A new Congressional Budget Office report offers a long-term road map of where U.S. debt is headed.
And it’s not to a good place – unless U.S. policymakers make some tough decisions and significantly alter federal spending and tax policies.
Total federal debt currently is about 74 percent of the gross domestic product, the economy’s annual output. That is higher than at any point in U.S. history except a brief period around World War II, and almost twice what it was at the end of 2008, according to the CBO.
The bipartisan agency of Congress estimates that although the total federal debt relative to GDP will decline slightly over the next few years, growing budget deficits after that will send it to more than 100 percent of GDP by 2039. But don’t expect Congress to get anywhere close to a balanced budget in the near future. The report predicts budget deficits of $7.6 trillion annually from 2015 to 2024.
The CBO calls the upward debt trend unsustainable. Consider the federal budget a driver who keeps the pedal to the metal up a steep hill without adding fuel or stopping to let the engine cool off. There’s going to be a breakdown. You just don’t know when.
If you think the CBO’s scenario is frightening, an analysis of its report by the Committee for a Responsible Federal Budget says if temporary spending and tax provisions are allowed to expire and deficits aren’t further increased, the public debt will rise to 147 percent of GDP by 2060 and 212 percent by 2085. If policymakers increase spending and reduce taxes, the debt could hit a mind-boggling 620 percent of GDP by 2085.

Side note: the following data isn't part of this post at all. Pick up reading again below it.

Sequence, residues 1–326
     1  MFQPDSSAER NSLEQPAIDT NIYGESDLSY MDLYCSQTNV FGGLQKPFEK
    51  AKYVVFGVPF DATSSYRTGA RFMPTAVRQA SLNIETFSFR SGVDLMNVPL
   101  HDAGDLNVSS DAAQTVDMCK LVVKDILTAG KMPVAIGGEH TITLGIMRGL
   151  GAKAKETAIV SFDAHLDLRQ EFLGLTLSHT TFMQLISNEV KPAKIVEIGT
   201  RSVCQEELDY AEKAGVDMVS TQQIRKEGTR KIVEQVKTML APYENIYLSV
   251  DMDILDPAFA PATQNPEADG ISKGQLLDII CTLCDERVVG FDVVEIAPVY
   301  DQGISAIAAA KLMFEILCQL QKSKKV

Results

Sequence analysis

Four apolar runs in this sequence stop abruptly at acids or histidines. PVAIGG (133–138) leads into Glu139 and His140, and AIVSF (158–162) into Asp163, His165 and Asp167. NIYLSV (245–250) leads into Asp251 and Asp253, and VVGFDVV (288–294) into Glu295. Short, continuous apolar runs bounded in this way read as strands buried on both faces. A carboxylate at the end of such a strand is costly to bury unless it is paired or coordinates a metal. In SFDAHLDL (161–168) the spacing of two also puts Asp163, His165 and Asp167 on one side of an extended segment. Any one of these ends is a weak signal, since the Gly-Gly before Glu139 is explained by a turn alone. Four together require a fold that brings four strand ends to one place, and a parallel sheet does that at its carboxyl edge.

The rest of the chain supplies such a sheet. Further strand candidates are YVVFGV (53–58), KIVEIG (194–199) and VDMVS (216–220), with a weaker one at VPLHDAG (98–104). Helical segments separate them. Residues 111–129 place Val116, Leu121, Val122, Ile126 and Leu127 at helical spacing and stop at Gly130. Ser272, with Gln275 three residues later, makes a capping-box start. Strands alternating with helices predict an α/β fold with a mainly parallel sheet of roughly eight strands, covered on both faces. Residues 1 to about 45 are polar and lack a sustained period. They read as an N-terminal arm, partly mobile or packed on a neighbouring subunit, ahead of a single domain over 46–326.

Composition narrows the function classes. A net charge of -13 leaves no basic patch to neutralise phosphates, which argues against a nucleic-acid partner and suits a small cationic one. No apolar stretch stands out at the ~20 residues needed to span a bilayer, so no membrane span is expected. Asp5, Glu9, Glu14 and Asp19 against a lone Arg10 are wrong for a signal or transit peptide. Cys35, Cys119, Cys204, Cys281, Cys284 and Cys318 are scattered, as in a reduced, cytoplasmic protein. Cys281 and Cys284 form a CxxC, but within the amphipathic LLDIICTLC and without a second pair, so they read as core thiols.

The CBO says putting the budget on a highway to sustainability requires reducing spending on the large benefit programs and letting revenues grow more than they would under current laws. That means lawmakers must curb spending in a smart way on defense and on the huge entitlement programs Medicare, Medicaid and Social Security. It also will require strategic tax increases.
The bottom line is, the U.S. needs to learn to live within its means – something it did until the 1960s, when it abandoned the consensus to balance the budget in good times.
Returning to a pay-your-bills mentality will take courage on the part of U.S. policymakers to read the signs and design a new road map, and an awakening of the American public to the need to divert from the impending fiscal calamity.
This editorial first appeared in the Albuquerque Journal. It was written by members of the editorial board and is unsigned as it represents the opinion of the newspaper rather than the writers.